Of course 150 years ago EVERYBODY fished from sailboats, so don’t let anybody tell you “it can’t be done.” We catch all the fish we can eat, and have for the last several years. When we visit friends or family, dinner doesn’t start with a trip to the grocery store, but with a raid on Harmonie‘s frezeers!
While we fish from a sailboat, and some of our advice is focused to people doing the same, those of you who fish from a humble skiff or a high powered sportfish will learn a technique or two that will be helpful.
Of course, there are some types of fishing that a sailboat is not going to be able to participate in. For example: High speed trolling for wahoo. Not many sailboats can do the sustained 15 to 17 knots needed for this style of fishing, but that doesn’t mean you can’t catch wahoo.
We fish two different styles from our boat: Trolling while we are out on the ocean passagemaking from one place to another, or going out on the boat specifically to catch fish.
Fish we catch while trolling on passage are our “bonus fish”. Normally, we are moving ahead of weather, and trying to get to our destination as quickly as possible. Although we work at trolling and take it seriously, it is not what I would call really serious fishing. It also represents a tiny fraction of the time we have available for fishing. For most people on sailboats, this is the only kind of fishing that they ever do. I’ll try to help you catch more fish while you are trolling and hopefully, for those of you who are interested I can open up another whole world to you!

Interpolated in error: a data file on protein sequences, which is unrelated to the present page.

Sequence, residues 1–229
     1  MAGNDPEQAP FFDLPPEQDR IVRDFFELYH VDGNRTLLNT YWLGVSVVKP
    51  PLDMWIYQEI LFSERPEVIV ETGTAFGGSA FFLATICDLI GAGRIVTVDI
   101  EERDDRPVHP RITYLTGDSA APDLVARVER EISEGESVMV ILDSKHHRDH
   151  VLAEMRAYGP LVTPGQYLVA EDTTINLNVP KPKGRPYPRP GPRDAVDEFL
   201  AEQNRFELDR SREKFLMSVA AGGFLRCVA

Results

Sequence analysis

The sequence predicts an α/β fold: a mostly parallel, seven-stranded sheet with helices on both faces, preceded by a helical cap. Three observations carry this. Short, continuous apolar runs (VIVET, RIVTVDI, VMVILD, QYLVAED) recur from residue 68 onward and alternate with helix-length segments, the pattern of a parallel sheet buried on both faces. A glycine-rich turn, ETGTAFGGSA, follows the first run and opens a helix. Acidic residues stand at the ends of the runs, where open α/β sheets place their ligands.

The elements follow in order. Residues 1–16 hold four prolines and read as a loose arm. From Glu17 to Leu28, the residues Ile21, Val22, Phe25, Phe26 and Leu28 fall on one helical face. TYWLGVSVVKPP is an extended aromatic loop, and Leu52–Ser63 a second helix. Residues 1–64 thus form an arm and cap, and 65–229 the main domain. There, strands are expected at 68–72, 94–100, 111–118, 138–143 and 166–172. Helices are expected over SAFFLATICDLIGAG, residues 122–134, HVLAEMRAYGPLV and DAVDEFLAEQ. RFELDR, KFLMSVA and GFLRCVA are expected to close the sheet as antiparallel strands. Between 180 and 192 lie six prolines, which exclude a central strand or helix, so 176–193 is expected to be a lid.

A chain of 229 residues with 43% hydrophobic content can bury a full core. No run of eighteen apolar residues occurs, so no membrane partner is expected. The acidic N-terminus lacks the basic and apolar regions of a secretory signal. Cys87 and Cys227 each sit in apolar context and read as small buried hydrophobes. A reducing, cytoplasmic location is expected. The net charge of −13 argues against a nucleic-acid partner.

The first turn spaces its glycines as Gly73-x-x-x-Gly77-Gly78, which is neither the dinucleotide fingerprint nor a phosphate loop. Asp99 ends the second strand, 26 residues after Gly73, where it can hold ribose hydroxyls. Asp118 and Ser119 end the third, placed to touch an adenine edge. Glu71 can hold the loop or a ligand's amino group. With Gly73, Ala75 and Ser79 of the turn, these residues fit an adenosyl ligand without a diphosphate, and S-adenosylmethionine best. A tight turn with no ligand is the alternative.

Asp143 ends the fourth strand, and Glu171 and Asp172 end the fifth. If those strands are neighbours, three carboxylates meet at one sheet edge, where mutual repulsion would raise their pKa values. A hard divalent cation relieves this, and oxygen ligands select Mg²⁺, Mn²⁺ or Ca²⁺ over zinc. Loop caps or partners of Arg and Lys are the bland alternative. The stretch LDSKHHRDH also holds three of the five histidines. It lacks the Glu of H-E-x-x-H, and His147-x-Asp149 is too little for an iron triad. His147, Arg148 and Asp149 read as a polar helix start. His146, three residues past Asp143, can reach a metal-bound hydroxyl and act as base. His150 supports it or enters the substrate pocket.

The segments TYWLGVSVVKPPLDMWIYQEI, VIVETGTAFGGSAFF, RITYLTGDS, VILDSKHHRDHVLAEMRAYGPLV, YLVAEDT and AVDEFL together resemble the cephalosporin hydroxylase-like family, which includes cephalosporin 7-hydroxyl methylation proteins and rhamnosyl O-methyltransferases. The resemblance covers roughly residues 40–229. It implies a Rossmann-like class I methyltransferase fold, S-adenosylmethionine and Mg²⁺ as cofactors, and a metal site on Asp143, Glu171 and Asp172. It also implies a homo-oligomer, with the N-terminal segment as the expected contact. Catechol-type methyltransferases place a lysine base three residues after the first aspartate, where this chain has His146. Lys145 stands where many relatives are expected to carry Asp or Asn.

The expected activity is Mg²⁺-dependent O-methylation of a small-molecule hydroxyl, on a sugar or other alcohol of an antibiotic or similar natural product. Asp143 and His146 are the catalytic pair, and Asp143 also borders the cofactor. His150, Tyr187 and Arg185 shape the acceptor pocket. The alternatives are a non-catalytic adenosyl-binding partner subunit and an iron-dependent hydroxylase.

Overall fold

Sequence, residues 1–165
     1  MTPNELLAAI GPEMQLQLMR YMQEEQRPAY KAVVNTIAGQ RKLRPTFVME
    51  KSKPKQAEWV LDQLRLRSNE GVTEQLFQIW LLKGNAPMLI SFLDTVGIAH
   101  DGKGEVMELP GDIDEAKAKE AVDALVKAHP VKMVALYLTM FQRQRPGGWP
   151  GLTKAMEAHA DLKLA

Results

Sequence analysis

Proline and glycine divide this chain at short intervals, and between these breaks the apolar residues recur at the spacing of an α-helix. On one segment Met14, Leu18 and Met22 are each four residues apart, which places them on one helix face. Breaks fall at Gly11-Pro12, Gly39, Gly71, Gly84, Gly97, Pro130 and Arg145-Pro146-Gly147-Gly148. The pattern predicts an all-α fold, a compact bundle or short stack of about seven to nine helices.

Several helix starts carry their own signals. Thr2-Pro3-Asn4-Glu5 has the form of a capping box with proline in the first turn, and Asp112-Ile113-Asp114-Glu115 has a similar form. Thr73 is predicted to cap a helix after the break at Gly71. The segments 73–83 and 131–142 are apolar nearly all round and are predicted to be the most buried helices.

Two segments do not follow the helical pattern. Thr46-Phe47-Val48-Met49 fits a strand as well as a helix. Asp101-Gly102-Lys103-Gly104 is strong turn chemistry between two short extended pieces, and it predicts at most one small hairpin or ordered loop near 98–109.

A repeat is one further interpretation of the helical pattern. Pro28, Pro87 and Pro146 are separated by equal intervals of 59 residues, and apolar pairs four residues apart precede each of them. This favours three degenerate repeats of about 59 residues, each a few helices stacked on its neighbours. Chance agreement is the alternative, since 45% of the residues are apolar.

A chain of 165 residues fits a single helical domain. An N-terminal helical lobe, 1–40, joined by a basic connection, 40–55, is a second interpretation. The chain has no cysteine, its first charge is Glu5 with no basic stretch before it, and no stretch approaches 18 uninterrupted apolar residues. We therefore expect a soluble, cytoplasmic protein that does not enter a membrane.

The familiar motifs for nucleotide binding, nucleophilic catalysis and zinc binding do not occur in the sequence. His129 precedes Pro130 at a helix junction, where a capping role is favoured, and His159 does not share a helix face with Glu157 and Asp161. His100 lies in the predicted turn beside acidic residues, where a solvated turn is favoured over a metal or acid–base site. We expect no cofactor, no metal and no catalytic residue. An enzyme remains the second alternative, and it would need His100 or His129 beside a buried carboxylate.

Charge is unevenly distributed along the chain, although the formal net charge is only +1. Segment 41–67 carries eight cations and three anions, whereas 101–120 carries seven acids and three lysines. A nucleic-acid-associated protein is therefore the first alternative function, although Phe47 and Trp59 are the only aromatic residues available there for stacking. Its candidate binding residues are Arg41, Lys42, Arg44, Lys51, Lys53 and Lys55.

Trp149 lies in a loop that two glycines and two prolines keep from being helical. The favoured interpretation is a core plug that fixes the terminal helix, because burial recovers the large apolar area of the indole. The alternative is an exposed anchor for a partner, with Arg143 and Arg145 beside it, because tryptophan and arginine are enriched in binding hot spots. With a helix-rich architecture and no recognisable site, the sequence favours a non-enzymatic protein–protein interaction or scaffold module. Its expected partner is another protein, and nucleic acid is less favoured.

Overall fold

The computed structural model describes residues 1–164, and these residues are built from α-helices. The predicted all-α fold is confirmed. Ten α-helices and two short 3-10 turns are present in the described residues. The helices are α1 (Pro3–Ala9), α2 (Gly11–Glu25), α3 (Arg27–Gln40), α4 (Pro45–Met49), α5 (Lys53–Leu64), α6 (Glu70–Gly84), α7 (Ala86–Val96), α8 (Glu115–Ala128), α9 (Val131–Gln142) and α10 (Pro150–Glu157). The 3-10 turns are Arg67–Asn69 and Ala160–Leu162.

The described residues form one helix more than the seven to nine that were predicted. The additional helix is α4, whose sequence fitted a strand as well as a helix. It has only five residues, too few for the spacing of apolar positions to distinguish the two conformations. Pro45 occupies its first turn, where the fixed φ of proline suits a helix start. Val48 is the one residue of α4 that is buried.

One of the big changes I made in moving onto the sailboat and making it my primary fishing platform, is I am not longer looking to catch the biggest fish that swims. We are catching fish for food. Our limitation is the amount of room we have in our two chest freezers onboard Harmonie. As exciting and fun as catching a 350lb tuna would be, we just have no use for that much tuna meat, and we REALLY love tuna! I have had to recalibrate my fishing style to target smaller fish. Anything over 100lbs is just not of interest to us. This also means we almost always stop fishing when our freezer is full!
We do have some limitations in the way we fish that can reduce our catch. Mostly because we are slow, so running off to chase down a school of fish feeding under a flock of birds out on the horizon is unrealistic. On the other hand, we can run our boat all year and cover 15,000 miles using less fuel than a 72 foot battlewagon sportfisher needs for a single day of trolling. Seriously. We do all our sailing for a year, cover 10,000 to 15,000 miles and use 400 to 600 gallons of diesel. When we were at the Palm Beach Boat Show there was a 40 foot center cockpit fishing boat with four 350HP engines that used a total of 150 gallons of fuel an HOUR!
Because we have essentially unlimited range, and are more seaworthy than most powerboats, we fish in places most recreational fisherman just can’t ever get to. How many people have had the chance to troll lures over a seamount half way between California and Hawaii?
Pretty much ANY ocean-going sailboat can be used as a platform to catch as many fish as the crew can eat. A little bit of time, and some investment in knowledge and gear, and you’ll never be visiting the fish market again!
i enjoyed your text, hugs from brazil